A “Pam Latte” it’s been called at the cafes I’ve frequented. A CA friend (who owned a coffee/tea bar) named it “Tea Done Wight” and offered it on her bar menu.
That all changed when I moved from the Bay Area to New England. I had to re-introduce my tea of choice to the new establishment.
In the beginning, back in the fall right after I moved to this Boston suburb, I had to ask for the whole caboodle:
“May I please have a Grande tea latte, no water, Earl Gray, skim milk, steamed hot with a quarter pump of vanilla, foam, double cupped.”
As with my other favorite cafes (before they got to know me, and my drink), the barista looked confused, maybe even a bit worried. He also scared me a little. He wore a short frizzy ponytail, a frown, and a worry line down the middle of his brow.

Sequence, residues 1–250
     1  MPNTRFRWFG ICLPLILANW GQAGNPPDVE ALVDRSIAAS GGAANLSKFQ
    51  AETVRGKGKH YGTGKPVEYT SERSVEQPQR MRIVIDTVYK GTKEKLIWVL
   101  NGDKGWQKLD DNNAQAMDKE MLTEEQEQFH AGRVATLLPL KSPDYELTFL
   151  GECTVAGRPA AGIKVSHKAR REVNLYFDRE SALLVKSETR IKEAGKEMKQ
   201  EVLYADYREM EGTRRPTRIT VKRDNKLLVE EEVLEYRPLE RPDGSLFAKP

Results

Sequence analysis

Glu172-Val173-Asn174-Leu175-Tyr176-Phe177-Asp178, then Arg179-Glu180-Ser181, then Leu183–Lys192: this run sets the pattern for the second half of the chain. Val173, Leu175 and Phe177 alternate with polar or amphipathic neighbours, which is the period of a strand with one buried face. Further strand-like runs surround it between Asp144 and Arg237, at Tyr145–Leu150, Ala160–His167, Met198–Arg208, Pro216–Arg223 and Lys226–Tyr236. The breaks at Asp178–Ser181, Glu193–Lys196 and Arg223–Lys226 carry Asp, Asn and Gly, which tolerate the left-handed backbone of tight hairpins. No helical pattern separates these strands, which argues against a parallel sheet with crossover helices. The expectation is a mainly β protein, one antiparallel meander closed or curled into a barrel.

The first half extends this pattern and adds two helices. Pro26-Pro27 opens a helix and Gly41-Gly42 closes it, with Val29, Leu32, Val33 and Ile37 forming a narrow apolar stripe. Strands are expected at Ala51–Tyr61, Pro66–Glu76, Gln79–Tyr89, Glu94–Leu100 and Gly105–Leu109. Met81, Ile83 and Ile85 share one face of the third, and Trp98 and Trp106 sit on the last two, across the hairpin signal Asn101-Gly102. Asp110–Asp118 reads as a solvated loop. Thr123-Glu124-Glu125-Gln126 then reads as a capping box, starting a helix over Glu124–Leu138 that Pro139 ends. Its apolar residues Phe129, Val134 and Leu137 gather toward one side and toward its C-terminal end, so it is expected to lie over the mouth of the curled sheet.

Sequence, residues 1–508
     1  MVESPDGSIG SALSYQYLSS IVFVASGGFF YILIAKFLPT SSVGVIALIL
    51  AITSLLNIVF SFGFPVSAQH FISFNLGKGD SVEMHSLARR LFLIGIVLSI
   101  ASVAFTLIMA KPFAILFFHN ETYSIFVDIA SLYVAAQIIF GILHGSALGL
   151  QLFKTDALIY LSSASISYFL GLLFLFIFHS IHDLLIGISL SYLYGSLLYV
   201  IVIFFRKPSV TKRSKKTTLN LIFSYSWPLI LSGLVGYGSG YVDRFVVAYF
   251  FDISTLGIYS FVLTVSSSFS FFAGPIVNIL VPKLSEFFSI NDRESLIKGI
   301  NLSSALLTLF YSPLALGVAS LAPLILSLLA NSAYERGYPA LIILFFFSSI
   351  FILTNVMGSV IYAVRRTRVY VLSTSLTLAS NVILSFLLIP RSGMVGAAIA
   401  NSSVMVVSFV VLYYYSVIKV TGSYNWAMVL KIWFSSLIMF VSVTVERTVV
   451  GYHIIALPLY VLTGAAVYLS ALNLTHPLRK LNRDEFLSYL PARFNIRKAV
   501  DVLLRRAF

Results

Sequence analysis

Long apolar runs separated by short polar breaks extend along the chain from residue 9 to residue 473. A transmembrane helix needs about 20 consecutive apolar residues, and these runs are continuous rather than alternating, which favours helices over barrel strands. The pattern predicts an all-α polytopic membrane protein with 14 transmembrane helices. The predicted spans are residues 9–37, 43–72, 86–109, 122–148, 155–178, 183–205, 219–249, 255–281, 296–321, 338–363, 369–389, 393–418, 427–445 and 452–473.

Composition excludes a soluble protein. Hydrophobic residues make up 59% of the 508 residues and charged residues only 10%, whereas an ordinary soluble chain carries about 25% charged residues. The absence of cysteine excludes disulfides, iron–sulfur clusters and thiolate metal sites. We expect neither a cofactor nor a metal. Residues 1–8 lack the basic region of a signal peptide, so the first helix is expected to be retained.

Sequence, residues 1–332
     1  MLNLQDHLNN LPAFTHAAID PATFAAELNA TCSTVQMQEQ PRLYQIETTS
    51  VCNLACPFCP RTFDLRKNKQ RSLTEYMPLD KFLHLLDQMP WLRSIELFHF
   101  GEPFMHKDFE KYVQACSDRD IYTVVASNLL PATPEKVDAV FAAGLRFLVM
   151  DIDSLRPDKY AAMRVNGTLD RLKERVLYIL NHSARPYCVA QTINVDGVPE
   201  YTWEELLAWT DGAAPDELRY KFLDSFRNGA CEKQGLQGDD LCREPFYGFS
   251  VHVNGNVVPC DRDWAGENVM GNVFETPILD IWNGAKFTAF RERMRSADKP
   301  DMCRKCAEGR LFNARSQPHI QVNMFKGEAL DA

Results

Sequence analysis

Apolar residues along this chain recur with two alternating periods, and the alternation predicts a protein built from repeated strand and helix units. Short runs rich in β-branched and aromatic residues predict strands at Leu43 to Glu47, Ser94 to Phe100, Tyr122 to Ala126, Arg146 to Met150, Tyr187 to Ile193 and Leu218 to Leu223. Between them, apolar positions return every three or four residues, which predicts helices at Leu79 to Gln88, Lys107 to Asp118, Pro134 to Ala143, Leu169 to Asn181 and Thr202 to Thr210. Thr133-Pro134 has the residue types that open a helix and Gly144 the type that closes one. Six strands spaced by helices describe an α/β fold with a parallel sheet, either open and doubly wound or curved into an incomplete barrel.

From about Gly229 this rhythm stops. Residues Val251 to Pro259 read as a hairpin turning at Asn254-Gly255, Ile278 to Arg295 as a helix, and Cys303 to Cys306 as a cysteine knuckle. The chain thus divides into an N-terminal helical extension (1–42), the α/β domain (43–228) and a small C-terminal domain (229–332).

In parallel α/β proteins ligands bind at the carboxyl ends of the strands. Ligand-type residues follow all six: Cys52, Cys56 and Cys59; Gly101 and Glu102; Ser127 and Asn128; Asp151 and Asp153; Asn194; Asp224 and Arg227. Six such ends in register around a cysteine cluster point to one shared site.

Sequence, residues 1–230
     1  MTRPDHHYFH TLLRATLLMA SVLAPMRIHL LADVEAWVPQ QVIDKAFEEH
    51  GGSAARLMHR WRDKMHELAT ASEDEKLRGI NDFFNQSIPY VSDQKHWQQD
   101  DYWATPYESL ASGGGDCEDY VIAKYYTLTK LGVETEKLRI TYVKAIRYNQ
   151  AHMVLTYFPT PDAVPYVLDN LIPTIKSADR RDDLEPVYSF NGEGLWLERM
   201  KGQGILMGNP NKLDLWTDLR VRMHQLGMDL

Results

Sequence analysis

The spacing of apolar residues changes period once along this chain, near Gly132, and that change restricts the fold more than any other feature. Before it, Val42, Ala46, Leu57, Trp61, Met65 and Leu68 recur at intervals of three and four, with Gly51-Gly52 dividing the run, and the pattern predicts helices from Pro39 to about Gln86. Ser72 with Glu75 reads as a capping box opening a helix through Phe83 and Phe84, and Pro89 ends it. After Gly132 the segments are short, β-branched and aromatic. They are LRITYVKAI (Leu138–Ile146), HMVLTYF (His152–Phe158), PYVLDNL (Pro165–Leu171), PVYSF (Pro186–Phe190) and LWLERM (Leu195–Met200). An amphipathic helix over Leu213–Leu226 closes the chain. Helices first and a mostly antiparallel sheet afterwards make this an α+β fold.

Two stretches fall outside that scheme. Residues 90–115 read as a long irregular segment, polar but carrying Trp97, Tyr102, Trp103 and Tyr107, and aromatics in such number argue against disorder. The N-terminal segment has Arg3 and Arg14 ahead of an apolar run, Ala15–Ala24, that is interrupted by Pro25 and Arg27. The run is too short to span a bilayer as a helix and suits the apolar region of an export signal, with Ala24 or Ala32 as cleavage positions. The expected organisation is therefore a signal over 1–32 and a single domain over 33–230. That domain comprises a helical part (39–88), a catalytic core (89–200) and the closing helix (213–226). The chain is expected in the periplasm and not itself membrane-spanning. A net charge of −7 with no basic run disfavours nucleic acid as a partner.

“Gary’s nice,” my daughter assured me when I first began meeting her here at the crack of dawn, before her day of teaching and mothering and wife-ing. “He’s just quiet.”
“No water?” he asked in the beginning (as they all do).
“No – non-fat milk please.”
“Does that mean skim milk?”
I’ve discovered that in CA they call it non-fat milk. In MA, they call it skimmed milk. Goes back to the old days, when housewives actually had to skim the fat off the top. Or so I’ve been told.
Those in both the left and right coasts call my hot drink “weird,” until I get them to try it. Then they become converts.
Now, five months later in my new, New England cafe, I walk in the door at 6:08 a.m and feel welcomed. Gary nods at me when I stagger in sleepily. As soon as he sees me come through the door he begins my latte.
He doesn’t have a name for it yet.
But more importantly, he hands it to me with a smile.